|"I am committed to your commitment." ...||answering the question "What are you committed to?"|
It's often said in certain psychological circles (which is to say, in circles where a meaningful collection of specific terms spoken from the psychologist's viewpoint are languaged together to analyze, explain, and treat lives) that by the time you're four years old, you've pretty much gotten your entire modus operandi sussed out from then on for the rest of your life.
What you sussed out back then was your act, your strategy, how you'd survive. Here's something you didn't suss out.
Commitment. You're not born with it. It's not your birthright. Indeed, it doesn't live in the domain of "rights". Even the nobly crafted Universal Declaration of Human Rights doesn't include the right to it. And even if it did aver it's everyone's right to commitment, one of the truths about commitment is you can't be committed (ie commitment doesn't show up) as a "right".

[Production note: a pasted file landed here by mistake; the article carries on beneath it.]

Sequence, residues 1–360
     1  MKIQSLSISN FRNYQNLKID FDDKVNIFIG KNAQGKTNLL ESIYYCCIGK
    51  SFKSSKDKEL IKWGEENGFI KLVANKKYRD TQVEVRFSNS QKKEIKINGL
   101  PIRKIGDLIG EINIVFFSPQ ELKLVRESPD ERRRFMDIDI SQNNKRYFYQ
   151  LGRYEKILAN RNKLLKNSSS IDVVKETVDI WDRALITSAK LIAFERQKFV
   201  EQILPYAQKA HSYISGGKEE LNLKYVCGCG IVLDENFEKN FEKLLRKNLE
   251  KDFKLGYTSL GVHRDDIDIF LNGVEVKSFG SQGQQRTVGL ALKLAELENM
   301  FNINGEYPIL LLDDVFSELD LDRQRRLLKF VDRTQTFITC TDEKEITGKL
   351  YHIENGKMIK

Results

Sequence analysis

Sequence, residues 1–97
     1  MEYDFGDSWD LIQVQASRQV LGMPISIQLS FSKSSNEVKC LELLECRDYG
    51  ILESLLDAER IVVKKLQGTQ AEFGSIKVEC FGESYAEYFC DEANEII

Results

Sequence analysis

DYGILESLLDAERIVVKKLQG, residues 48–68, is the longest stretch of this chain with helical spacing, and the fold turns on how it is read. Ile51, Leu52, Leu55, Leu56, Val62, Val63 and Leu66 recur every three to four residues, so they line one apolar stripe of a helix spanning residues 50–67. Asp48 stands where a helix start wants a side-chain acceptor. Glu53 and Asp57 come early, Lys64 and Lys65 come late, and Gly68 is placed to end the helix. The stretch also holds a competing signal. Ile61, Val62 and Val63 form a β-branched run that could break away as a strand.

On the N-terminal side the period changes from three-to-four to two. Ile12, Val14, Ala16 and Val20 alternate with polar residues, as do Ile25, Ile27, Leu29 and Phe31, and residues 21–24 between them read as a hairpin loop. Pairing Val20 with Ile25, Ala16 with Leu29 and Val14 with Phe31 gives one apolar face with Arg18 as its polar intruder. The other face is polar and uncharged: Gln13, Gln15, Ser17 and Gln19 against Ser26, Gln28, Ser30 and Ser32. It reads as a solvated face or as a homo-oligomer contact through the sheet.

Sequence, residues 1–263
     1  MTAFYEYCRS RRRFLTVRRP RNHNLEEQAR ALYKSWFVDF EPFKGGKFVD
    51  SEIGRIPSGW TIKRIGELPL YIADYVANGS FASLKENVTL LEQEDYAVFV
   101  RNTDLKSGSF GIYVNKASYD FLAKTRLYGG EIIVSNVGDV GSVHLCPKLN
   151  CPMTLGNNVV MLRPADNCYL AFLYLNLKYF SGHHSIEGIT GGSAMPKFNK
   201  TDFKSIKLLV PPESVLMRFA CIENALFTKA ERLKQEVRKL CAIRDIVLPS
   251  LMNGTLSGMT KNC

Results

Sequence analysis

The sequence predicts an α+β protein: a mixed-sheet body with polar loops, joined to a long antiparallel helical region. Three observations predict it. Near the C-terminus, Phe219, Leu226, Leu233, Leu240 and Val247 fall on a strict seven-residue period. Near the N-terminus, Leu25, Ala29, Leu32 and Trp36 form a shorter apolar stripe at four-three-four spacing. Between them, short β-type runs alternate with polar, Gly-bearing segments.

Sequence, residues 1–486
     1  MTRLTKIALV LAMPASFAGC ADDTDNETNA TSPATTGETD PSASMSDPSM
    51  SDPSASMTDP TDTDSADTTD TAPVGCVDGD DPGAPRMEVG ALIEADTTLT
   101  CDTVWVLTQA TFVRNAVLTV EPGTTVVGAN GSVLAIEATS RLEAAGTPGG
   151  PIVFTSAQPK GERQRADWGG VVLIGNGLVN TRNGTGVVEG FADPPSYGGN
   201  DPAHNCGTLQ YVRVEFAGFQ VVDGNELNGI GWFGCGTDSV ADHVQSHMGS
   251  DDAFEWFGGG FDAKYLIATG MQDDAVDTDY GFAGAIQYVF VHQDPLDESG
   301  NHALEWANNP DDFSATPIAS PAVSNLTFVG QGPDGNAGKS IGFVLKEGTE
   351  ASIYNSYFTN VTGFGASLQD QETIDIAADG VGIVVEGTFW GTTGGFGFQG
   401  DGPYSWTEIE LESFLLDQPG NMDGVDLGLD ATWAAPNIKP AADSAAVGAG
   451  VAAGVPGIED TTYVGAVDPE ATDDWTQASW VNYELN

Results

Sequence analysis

Commitment, instead, shows up in my speaking. When I commit to something, it's purely an act of language. Speaking "I'm committed to ..." is a linguistic act. It's the linguistic act of speaking "I'm committed to ..." which defines and constructs my commitment and makes it real and known in the world. In other words, I'm committed to what I'm committed to simply because I say I'm committed to it.
Be careful. That's not just any kind of "say". It's "say" when (and only when) I'm speaking honoring my word as my Self.
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